Fr. René Butler MS - Birth of John the Baptist -...
Called from Birth(Birth of John the Baptist: Isaiah 49:1-6; Acts 13:22-26: Luke 1: 57-77, 80)Elizabeth’s neighbors and relatives wondered what her child would be. Now we know his story. His role was to go before the Lord to prepare his ways. He was well aware of... Czytaj więcej
Fr. René Butler MS - Eleventh Sunday in Ordinary...
God’s Work(Eleventh Sunday in Ordinary Time: Ezekiel 17:22-24; 2 Corinthians 5:6-10; Mark 4:26-34)A farmer’s wife once told me that the only legalized form of gambling in her state was farming. Jesus, on the other hand, presents farming as an act of faith.... Czytaj więcej
Decisions of the General Chapter 2018
Rome, May 20, 2018 Feast of Pentecost Dear Confreres, It is with much joy that I present to you the text of the decisions elaborated and approved by the General Chapter 2018, which was held in the city of Las Termas del Rio Hondo (Santiago del Estero,... Czytaj więcej
Fr. René Butler MS - Tenth Sunday in Ordinary...
Brother, Sister, Mother(Tenth Sunday in Ordinary Time: Genesis 3:9-15; 2 Corinthians 4:13—15:1; Mark 3:20-35)We have a strange Gospel today. Jesus’ relatives thought he was out of his mind. The Scribes said he was possessed. Jesus responded with a... Czytaj więcej
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Fr. Rene Butler MS - Twenty-sixth Sunday - Expectations

Twenty-sixth Sunday in Ordinary Time: Ezekiel 18:25-28; Philippians 2:1-11; Matthew 21:28-32)
“When you found the potatoes spoiled, you swore, and threw in my Son’s name.” These words of Our Lady of La Salette come very close to those of the prophet Ezekiel: “You say, ‘The Lord’s way is not fair!’”
This week we are confronted once again with the question of God’s fairness. It is a matter of expectations.
Jesus had only one expectation for his life: to accomplish his Father’s will. Even when, in the Garden of Gethsemane, he asked to be spared the suffering that lay ahead, there was no hint of blame. He was, as St. Paul writes, obedient to the point of death.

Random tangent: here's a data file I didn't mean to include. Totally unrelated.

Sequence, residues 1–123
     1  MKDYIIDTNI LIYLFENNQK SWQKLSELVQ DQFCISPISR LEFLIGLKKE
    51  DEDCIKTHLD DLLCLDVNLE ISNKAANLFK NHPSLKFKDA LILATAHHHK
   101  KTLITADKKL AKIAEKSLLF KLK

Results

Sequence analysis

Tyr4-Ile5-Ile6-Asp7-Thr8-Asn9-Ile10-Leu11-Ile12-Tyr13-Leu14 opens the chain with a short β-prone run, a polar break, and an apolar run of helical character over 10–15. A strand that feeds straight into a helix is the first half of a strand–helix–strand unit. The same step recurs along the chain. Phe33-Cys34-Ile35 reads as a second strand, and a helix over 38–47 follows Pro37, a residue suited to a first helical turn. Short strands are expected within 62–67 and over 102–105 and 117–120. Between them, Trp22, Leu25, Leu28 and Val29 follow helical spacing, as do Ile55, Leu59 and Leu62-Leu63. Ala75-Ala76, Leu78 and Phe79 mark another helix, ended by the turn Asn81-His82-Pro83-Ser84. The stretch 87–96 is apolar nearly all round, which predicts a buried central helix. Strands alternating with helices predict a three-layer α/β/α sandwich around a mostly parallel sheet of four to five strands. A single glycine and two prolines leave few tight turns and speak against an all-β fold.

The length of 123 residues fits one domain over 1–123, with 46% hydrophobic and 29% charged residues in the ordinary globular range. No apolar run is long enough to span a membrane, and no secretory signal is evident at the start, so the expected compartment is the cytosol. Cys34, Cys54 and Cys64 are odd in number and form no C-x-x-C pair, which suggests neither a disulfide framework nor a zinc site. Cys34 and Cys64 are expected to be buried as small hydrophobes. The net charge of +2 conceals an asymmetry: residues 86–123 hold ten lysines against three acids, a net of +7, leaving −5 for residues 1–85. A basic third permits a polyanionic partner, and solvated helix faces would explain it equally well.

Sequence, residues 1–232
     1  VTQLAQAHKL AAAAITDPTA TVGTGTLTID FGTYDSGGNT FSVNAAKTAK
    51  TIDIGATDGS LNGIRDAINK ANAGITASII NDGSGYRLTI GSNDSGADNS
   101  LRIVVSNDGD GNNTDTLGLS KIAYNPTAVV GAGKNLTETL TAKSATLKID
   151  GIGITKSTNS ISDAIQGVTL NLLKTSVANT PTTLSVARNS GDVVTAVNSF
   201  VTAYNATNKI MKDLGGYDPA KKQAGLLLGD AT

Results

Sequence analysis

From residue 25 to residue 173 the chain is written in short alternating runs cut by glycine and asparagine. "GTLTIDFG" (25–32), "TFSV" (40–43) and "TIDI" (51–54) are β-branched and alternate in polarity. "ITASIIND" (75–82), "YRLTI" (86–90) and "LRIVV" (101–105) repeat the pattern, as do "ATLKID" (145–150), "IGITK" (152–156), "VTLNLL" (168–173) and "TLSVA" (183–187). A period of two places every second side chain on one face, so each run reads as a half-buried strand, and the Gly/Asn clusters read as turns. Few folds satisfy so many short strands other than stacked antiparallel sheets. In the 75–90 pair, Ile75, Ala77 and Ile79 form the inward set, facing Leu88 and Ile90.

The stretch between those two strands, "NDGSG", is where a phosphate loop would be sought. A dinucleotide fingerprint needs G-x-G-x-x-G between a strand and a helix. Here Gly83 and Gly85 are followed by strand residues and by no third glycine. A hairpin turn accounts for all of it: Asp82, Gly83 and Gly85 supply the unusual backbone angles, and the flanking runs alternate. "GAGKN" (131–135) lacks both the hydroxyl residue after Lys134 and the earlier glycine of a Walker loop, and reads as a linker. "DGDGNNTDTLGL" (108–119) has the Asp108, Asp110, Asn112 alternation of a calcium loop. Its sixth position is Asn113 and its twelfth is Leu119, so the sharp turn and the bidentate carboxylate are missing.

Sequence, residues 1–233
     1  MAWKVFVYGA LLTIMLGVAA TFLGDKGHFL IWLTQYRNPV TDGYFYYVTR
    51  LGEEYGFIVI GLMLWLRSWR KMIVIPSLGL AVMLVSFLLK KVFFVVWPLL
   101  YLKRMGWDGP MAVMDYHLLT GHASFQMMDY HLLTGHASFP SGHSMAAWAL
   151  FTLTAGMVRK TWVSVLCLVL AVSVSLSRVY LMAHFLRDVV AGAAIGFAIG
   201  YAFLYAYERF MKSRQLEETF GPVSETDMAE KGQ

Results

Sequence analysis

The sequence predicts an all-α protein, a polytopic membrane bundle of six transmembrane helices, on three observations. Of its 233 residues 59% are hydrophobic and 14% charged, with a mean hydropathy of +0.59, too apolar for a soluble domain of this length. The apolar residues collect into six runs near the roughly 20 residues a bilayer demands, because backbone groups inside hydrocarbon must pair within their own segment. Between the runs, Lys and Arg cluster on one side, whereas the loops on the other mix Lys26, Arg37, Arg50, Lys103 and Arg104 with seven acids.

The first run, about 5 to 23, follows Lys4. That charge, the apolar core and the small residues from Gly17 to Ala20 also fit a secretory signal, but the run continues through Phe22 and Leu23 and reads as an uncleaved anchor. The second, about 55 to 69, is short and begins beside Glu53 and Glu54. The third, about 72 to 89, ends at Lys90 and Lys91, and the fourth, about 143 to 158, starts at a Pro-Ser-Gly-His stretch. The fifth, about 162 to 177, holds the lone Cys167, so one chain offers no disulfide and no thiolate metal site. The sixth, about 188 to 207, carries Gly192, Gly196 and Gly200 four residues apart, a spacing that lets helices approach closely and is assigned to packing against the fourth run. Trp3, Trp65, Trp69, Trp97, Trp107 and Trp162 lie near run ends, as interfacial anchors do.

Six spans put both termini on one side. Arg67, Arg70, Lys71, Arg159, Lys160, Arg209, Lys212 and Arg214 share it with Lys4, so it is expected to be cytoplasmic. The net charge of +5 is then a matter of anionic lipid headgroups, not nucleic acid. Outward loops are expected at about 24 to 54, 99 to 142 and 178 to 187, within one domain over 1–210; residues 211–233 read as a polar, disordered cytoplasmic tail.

Like the parable in today’s Gospel, the message of La Salette presents opposing scenarios—refusal to submit to God’s will, on the one hand, and conversion on the other—only one of which is acceptable.
Suffering is a great mystery, and Jesus expects his disciples to carry their cross. The Christian response to suffering can be one of questioning why, or asking to be spared—or conversion. The parable recognizes that people can change. The message of La Salette has the same expectation.
Conversion, turning to the Lord, doesn’t necessarily ease suffering, or provide the answer to the problem of pain. What it does is simply to let God in.
That is really what the Beautiful Lady is asking. Through prayer, worship, reverence, we can open the door and invite the Lord into our lives, painful or peaceful as they may be.
We will find that the Lord has been there all the time, just waiting for us acknowledge his presence.
Ezekiel says that whoever turns away from sin will “surely” live. The Hebrew here uses two forms of the verb “to live,” which could be translated literally as “living he will live,” or “he will live to live.” It suggests more than just being alive, a new intensity of life.
“If they are converted... potatoes will be self-sown in the fields,” Mary says. If we return to the Lord with all our heart, even if our lives are far from easy, we will know his blessing.
That is our Christian expectation. It’s called hope.

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